Depending on who you ask, steroids could either be used for a benefit or they could be seen as dangerous.
In fact, there are some bodybuilders who will admit that steroid abuse is prevalent and that when used incorrectly, they could prove to be very risky.
If you’re planning to use performance-enhancing drugs for sport, be very mindful of the short and long term effects of steroids.
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Steroid abuse is so common, that the National Institute of Drug Abuse has listed it under forms of drugs abused on a consistent basis.
Statistics show that the potential for steroid use starts as young as adolescence and grows by the time an individual reaches their senior year of high school.
What prompts individuals to use steroids?
They are appealing for a variety of reasons, whether it’s to gain a competitive advantage on the playing field, boost strength and endurance, or even speed up recovery time after an injury.
When there are specific factors at play – such as competition and obtaining spots in competitive sports, meeting salary or statistic requirements, or trying to get noticed by an agent or other sports professional, the temptation of steroids is even greater.
That’s not to say that only professional athletes are tempted by steroids – amateur bodybuilders and those who want to improve self-esteem and body image are known to incorporate steroids into fitness routines.
Steroids are illegal to use in any setting outside of a medical office and with doctor’s approval, but that doesn’t stop individuals from looking to international resources and even bodybuilding forums to obtain these products.
Due to the unsupervised nature of steroid use outside of a medical setting, the risk for steroid abuse increases dramatically.
Steroid abuse is a serious risk – there are a number of dangers that affect the body and mind when an individual uses steroids without doctor permission.
As with any type of drug abuse, there are short-term effects of steroids that are well-known and documented.
But when it comes to long-term, very little is known due to a lack of studies as a result steroid use takes on the body.
There are psychological / mental effects of steroids as well as physical effects, including:
When not administered by a doctor in a professional setting, the risk of steroids abuse side effects grows.
This could be related to the unsanitary injection standards implemented by some users or, as is in the case of some users, taking too much of the steroid in order to achieve better results faster.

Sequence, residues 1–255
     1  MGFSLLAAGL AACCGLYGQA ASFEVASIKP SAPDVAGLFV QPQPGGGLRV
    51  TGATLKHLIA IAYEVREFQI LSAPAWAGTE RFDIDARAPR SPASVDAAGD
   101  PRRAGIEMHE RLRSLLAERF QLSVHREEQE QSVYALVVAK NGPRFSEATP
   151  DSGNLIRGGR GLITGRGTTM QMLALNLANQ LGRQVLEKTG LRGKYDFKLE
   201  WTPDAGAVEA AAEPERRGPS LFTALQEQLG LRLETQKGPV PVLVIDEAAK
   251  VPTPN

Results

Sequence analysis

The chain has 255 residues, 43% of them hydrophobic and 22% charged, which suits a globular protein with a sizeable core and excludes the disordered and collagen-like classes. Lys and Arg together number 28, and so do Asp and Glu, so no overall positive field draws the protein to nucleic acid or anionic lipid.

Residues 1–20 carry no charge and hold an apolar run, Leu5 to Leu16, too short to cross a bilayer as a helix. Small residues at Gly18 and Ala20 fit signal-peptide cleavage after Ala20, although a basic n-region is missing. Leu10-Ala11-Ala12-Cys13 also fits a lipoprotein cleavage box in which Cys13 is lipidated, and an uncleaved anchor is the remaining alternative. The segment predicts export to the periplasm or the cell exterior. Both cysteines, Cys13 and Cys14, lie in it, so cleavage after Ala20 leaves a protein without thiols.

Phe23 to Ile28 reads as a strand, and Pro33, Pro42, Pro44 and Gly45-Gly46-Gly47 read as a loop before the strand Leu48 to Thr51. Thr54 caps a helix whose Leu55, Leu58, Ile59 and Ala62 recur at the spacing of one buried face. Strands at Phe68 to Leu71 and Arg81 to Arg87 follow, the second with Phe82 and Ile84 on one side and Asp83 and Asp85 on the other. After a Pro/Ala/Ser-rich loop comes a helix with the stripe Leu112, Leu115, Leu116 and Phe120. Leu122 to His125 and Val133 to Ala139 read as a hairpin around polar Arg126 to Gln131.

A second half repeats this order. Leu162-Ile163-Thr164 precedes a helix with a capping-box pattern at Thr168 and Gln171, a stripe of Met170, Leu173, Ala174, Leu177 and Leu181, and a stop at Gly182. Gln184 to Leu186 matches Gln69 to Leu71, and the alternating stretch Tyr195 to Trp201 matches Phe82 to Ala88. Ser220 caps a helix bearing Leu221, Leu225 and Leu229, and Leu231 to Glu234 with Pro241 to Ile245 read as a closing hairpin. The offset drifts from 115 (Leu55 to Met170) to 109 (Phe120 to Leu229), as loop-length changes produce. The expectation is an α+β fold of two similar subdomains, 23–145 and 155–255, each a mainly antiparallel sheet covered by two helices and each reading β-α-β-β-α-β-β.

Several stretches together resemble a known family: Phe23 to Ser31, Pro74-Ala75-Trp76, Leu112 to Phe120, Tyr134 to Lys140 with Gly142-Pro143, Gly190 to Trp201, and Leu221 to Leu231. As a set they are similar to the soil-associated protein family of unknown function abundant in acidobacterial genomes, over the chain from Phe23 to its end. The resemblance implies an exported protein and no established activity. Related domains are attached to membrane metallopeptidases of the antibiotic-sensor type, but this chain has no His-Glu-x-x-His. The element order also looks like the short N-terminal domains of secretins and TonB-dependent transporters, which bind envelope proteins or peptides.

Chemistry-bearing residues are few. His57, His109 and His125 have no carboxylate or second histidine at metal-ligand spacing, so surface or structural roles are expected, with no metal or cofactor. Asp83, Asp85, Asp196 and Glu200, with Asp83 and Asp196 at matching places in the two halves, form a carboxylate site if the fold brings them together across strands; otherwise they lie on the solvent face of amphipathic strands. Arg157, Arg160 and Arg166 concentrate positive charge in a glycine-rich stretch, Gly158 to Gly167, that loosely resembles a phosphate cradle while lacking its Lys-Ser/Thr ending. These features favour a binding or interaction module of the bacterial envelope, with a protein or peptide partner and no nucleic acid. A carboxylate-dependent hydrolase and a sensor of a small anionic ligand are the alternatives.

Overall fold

In addition to risks of steroid abuse, the risk of obtaining a transmitted infection, such as hepatitis B or C – or even HIV/AIDS, is increased.
There is also no research that shows higher doses of steroids work better than lower doses, but that does not reduce the frequency (or quantity) of steroid usage.
While the health complications of steroid use is fairly well-known, the legality of using such substances is not as clear for some.
Under the Anabolic Steroids Control Act of 1990, anabolic steroids, which is defined as any substance or drug created to mimic the effects of testosterone, is illegal.
Selling or even having anabolic steroids can bring federal financial penalties and even prison time if caught – in addition to state offenses.
Countless professional organizations have banned the use of steroids for its athletes, including the International Olympic Committee, National Football League, National Hockey League, Major League Baseball and the National Collegiate Athletic Association.
As with any illegal drug, it is still possible to obtain it through illicit means. Steroids are often sold through international (and domestic mail order) in unmarked packages after exchanging funds through online forums and private messages.
They also have the potential to be exchanged in public settings, such as through competitions and even the local gym.
Though it might be tempting to try steroids, they are much like any other street drug in terms of the addictive factor.
As previously mentioned, exact numbers of dependent steroid users are not verified, due to the secretive nature of the drug and each individual responds differently to steroid use.
Signs of steroid abuse and addiction include spending a large amount of money to obtain and hide steroids, experiencing withdrawal symptoms such as restlessness and mood swings, as well as feeling depressed or suicidal.
Symptoms associated with steroid withdrawal have been experienced by users up to one year after stopping the oral supplements or injections.
While some of the short-term benefits of steroid use might be appealing for some, the long-term dangers of steroid abuse are not worth the health and mental risks associated.
Speak with your doctor about health and fitness goals before attempting to use steroids to achieve a goal.